Kamouraska Lamb Crusted with Salted Herbs for Easter

This traditional Easter recipe comes straight from Quebec’s heartland: Kamouraska Lamb Crusted with Salted Herbs.

Kamouraska Lamb 2

Kamouraska is a pretty little village on the lower Saint Lawrence River, where the lambs spend their days grazing in the sun and wind along the river’s edge. The grass the animals eat is washed with salt water from the sea, which gives the meat a naturally salty flavour.

The salty sea flavour is further enhanced by coating the lamb meat in a thick coat of salted herbs from the same region.

The lamb is traditionally served with roasted vegetables, potatoes gratin dauphinoise, maple glazed carrots, crisp steamed green beans, mint jelly, and some kind of seasonal maple treat for dessert, such as sugar pie or crepes.

In Montreal, you can buy Kamouraska lamb at Marché Jean-Talon, the Atwater Market or any serious butcher, such as Le Maître Boucher in NDG.

Lamb Crusted with Salted Herbs
with Roasted Vegetables



  • 5-7 pound leg of lamb
  • 4 cloves of garlic, peeled and cut into slivers
  • 3-4 Tablespoons Dijon mustard (smooth, not grainy)
  • About 1/2 a jar (500 ml) of Les Herbes Salées du Bas-du-Fleuve
  • 4 stalks of celery, roughly chopped
  • 2 small turnips, peeled and diced into 2-inch chunks
  • 4 carrots, peeled and chopped into 2-inch lengths
  • 3 medium onions, peeled and quartered


How To

Remove leg of lamb from the refrigerator at least 1-2 hours before cooking.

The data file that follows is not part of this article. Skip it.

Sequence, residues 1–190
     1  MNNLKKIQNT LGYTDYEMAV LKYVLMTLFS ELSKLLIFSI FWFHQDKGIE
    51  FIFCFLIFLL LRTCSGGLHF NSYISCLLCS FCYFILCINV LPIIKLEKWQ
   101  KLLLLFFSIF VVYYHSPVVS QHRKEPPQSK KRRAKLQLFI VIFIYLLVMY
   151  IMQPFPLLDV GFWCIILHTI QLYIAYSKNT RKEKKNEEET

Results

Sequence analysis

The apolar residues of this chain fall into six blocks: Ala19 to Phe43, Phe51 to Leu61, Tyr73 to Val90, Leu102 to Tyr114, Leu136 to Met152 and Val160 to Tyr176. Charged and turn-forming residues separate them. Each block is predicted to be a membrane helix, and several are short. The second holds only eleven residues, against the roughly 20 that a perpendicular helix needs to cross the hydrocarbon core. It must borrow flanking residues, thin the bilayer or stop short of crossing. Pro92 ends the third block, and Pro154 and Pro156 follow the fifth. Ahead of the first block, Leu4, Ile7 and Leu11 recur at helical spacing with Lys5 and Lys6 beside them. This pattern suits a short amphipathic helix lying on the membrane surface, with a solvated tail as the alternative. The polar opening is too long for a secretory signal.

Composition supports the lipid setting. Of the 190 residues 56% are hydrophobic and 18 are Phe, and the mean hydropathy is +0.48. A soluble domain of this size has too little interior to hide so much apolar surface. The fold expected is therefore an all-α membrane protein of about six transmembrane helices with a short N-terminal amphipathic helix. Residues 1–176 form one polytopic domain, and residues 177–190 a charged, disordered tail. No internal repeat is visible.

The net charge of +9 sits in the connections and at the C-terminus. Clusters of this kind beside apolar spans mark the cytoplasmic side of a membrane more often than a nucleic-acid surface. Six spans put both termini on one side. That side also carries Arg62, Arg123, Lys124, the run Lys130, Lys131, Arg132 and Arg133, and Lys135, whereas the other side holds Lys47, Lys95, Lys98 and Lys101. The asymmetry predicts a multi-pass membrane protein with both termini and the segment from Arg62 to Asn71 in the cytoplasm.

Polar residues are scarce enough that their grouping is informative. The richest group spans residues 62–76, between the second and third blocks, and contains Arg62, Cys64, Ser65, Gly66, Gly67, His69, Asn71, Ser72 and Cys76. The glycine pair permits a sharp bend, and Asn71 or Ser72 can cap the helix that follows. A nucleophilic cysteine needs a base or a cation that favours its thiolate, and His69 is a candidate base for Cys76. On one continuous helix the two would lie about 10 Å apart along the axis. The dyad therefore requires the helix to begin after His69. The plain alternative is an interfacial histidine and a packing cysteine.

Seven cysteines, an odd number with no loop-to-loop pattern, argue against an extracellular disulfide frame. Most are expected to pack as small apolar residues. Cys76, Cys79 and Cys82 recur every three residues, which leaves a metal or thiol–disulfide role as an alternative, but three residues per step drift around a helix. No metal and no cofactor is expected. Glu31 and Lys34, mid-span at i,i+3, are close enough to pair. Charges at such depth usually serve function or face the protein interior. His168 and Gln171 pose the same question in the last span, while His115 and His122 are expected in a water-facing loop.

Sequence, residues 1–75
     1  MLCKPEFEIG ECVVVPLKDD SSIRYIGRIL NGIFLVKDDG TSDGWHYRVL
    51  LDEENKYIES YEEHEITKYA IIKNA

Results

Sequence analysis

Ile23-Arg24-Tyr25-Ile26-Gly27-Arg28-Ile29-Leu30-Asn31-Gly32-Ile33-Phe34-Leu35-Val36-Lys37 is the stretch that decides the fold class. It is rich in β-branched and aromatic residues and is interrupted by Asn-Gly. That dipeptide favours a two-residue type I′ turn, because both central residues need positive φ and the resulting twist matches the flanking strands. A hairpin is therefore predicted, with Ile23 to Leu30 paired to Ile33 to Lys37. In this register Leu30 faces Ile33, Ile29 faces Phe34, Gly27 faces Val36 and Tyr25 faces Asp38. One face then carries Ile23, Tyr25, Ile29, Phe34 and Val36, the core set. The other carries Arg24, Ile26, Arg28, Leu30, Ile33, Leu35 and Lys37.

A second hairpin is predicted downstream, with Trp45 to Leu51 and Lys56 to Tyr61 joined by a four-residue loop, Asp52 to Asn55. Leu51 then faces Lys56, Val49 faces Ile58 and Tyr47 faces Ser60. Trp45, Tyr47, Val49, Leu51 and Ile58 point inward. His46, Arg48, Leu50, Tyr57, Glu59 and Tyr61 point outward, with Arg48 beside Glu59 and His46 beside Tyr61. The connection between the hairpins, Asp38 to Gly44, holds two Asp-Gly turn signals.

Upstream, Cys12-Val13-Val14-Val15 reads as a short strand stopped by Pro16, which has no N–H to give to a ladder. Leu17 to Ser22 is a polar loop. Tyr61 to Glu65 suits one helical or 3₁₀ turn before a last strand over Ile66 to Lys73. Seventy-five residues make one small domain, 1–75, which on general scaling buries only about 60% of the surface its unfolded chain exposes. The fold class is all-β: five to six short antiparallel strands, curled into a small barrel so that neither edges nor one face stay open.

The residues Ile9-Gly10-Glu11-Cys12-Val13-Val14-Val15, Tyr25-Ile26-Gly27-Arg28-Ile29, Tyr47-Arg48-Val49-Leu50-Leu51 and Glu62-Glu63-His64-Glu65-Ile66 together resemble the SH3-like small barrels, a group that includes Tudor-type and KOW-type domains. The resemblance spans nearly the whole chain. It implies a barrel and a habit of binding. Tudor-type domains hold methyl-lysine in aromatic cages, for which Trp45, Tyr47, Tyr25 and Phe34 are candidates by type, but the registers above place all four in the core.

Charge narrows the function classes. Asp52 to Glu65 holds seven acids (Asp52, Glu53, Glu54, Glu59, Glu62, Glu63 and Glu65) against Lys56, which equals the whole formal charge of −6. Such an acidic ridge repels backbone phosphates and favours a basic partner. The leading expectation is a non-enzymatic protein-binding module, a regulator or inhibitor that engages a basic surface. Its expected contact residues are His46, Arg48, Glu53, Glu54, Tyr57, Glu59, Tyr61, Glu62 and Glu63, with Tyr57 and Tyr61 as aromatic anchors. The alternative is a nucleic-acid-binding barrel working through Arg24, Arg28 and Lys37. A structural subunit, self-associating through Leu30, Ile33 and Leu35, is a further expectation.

Prepare the celery, carrots, turnips, carrots, and onions. If you’re not serving the lamb with potatoes gratin dauphinoise (scalloped potatoes), you can throw a few potatoes in as well.

Arrange the vegetables in an even layer in the bottom of a greased roasting pan. Season with salt and pepper. Add some water to the bottom of the pan, but not so much that it touches the meat.

Preheat oven to 450 °F.

Score the leg of lamb all over with lines 2-3 inches apart and 1/4 deep, then insert the slivers of garlic into the meat using the tip of a sharp, pointed knife. Season generously with salt and pepper.

Slather meat with Dijon mustard, then cover the roast with a layer of salted herbs (herbes salées), pressing gently to adhere.

Place roast in the oven, immediately reduce the heat to 325 °F and cook until thermometer inserted diagonally into center of the roast (don’t touch the bone) registers 140°F for medium-rare, 155°F for medium and 165°F for well done.

It works out to about 20 minutes per pound, depending on how well done you want your roast.

Once you reach your desired internal temperature, remove the lamb from oven and allow to rest for another 20-30 minutes.

It’s important to let the roast rest as it will lock in the juices give you a juicier roast, plus the meat keeps cooking, which will increase the meat’s internal temperature by about five more degrees, giving you a final internal temperature of:

  • 145°F for medium rare
  • 160°F for medium
  • 170°F for medium

For more precise cooking times, please visit Ontario Lamb’s website.

Scrape off the layer of salted herbs and discard, then slice the lamb roast and arrange on a platter with roasted vegetables.

If you don’t know how to carve your leg of lamb properly, watch this great video on How to Carve the Perfect Leg of Lamb. 

Bon appétit and Happy Easter!

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